New research co-authored by a UNC Charlotte health analytics professor is illuminating the connection among violent attacks, the gun control debate and Americans’ interest in purchasing firearms.
Using time series analysis of internet search trends, Laura Gunn, an associate professor in the Department of Public Health Sciences, and colleagues found that while violent attacks cause interest in gun control to spike, the rise in gun control debate may lead to increases in searches related to purchasing a gun more than the violent attacks themselves.
“While we suspected that there would be some impact of gun control debate on gun ownership interest, we did not expect the extent to which this is occurring. We expected gun violence would be the leader in triggering individuals’ desire to own guns, but we found evidence that it could be the gun control debate that triggers more interest in ownership,” Gunn said of the research, published in the journal PLOS One.
The researchers used the website Google Trends to collect the data.
“Google Trends provides information about online searches over time, which can provide a window into the dynamics of interests around particular topics. Such data can be used to determine causal effects, both concurrent and lagged, among topics,” Gunn explained.
In describing its implications, she continued, “This is especially useful in research around controversial topics, for which individuals may be hesitant to provide honest responses to surveys depending on political, environmental, ideological or sociocultural climates—sometimes locally defined. National-level surveys may also be financially prohibitive or logistically unfeasible, such as those administered over time across wide geographical areas.”
According to Gunn, many gun control advocates may over-rely on research stressing its societal benefits, arguments that can ring hollow with those favoring broad ownership rights who focus on perceived individual safety.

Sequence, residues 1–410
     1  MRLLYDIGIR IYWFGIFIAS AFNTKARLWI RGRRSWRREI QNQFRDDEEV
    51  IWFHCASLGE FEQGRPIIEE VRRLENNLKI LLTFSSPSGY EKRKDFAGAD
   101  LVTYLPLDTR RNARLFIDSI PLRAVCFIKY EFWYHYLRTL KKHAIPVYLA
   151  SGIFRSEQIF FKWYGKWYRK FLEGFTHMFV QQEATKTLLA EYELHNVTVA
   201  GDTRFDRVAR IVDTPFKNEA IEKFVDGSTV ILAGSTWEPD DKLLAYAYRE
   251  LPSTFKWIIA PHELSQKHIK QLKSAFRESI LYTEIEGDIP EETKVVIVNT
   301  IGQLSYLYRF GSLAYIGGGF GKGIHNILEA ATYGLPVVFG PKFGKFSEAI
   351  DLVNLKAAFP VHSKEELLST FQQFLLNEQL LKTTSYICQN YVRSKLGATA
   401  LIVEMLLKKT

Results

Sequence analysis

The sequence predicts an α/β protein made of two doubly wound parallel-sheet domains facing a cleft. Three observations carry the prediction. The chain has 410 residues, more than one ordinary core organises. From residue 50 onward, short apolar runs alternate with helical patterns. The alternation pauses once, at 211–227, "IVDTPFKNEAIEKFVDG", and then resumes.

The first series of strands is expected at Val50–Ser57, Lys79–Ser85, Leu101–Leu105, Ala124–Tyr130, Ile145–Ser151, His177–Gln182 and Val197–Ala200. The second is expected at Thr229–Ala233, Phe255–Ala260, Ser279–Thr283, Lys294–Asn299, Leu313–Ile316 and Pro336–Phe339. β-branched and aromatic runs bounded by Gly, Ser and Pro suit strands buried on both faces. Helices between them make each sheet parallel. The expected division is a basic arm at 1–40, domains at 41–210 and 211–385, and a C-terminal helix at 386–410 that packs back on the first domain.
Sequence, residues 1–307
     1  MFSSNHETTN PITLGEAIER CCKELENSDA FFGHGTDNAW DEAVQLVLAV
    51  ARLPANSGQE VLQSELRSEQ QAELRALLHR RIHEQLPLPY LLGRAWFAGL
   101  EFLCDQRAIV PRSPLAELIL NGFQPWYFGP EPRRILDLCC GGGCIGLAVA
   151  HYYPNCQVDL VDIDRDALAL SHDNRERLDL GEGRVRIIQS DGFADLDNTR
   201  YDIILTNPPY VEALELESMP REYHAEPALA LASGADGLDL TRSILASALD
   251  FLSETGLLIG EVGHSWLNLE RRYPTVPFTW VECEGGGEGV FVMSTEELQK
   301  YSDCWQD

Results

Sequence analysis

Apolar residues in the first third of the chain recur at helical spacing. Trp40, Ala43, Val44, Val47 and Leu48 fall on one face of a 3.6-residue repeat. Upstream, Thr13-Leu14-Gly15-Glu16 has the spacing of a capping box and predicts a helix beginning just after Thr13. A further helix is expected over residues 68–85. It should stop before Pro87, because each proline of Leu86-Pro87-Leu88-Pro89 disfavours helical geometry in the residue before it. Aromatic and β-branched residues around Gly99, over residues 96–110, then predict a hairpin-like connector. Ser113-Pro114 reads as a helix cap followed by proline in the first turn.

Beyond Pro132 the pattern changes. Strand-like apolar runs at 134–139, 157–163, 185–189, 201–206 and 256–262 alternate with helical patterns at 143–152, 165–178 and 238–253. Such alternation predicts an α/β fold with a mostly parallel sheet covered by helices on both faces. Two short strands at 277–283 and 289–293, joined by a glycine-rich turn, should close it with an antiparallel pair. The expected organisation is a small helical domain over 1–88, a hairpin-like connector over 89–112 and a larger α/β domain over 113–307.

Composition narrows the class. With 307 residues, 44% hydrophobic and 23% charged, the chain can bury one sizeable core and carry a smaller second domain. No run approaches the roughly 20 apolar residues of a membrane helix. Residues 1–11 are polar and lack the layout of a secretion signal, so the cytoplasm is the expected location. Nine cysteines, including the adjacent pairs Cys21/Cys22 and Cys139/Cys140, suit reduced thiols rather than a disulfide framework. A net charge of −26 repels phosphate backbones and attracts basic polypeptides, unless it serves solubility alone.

Indeed, in a 2018 NBC News poll, nearly six in 10 Americans say they believe gun ownership increases safety.
“We could inform individuals that the number of murders may be cut in half due to gun control, but they may respond that they could be on the adverse side of that statistic upon its implementation,” Gunn said.
This, along with the history of legislative inaction on the subject, suggests a revaluation of the current form of gun debate itself may be necessary to achieve its intended outcome, the authors argue.
“Gun control debate in the form of ‘we need more gun control’ has not seemed to lead to improved outcomes,” Gunn said. “The solution may involve a longer-term definition of a society that results in both polarized sides of the spectrum initially being somewhat unhappy in order to find a more moderate solution that could begin to lead to societal improvements.”
The researchers note that fruitful debate on guns is challenging in a society where debate is increasingly internet-based.
“The internet provides a shield behind which many individuals say whatever they wish without concern for others, without a face-to-face dialogue. People [also] stick to their preferred news source online or surround themselves with those with similar viewpoints, and it seems that this only polarizes individuals further,” said Gunn.
In order to move away from these ineffective approaches, the researchers conclude that ultimately, an effective gun control debate could be instead founded on providing solutions to the underlying causes driving reactive gun purchase interests, rather than further marketing entrenched perspectives.